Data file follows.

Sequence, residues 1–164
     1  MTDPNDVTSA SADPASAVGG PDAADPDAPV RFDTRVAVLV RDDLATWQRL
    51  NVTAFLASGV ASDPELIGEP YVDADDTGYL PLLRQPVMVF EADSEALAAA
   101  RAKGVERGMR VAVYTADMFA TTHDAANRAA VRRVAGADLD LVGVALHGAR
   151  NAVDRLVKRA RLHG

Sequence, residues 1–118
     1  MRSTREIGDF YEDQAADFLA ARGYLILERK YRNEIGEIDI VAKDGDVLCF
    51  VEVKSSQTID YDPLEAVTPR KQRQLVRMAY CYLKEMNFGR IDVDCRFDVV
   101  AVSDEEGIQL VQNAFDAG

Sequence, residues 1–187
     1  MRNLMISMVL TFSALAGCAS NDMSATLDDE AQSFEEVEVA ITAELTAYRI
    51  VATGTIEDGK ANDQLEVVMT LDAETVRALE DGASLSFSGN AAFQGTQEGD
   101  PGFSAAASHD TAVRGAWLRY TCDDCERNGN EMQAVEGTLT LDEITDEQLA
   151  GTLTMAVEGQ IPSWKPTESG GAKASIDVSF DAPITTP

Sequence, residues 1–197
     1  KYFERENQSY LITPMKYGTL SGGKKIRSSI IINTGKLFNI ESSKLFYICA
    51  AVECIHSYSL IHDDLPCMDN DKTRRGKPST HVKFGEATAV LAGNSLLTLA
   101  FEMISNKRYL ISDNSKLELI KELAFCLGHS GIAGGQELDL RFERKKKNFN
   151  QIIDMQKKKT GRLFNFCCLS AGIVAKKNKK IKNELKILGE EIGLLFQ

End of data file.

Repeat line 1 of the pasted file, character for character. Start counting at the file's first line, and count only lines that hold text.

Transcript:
Sequence, residues 1–164